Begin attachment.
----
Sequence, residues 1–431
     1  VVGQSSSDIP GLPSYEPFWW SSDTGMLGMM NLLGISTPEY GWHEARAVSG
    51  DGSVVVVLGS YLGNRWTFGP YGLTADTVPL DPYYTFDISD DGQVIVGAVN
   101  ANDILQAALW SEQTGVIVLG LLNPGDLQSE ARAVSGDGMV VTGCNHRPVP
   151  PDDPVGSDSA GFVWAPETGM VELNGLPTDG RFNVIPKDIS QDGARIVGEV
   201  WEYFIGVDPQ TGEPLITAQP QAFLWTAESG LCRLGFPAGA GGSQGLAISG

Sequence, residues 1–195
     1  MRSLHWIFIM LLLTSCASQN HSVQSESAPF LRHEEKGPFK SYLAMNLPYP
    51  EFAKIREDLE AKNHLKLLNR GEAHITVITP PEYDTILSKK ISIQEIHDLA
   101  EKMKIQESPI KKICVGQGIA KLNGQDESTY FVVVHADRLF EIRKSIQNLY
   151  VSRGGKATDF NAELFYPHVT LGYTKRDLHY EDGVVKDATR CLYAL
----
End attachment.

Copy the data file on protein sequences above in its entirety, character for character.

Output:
Sequence, residues 1–431
     1  VVGQSSSDIP GLPSYEPFWW SSDTGMLGMM NLLGISTPEY GWHEARAVSG
    51  DGSVVVVLGS YLGNRWTFGP YGLTADTVPL DPYYTFDISD DGQVIVGAVN
   101  ANDILQAALW SEQTGVIVLG LLNPGDLQSE ARAVSGDGMV VTGCNHRPVP
   151  PDDPVGSDSA GFVWAPETGM VELNGLPTDG RFNVIPKDIS QDGARIVGEV
   201  WEYFIGVDPQ TGEPLITAQP QAFLWTAESG LCRLGFPAGA GGSQGLAISG

Sequence, residues 1–195
     1  MRSLHWIFIM LLLTSCASQN HSVQSESAPF LRHEEKGPFK SYLAMNLPYP
    51  EFAKIREDLE AKNHLKLLNR GEAHITVITP PEYDTILSKK ISIQEIHDLA
   101  EKMKIQESPI KKICVGQGIA KLNGQDESTY FVVVHADRLF EIRKSIQNLY
   151  VSRGGKATDF NAELFYPHVT LGYTKRDLHY EDGVVKDATR CLYAL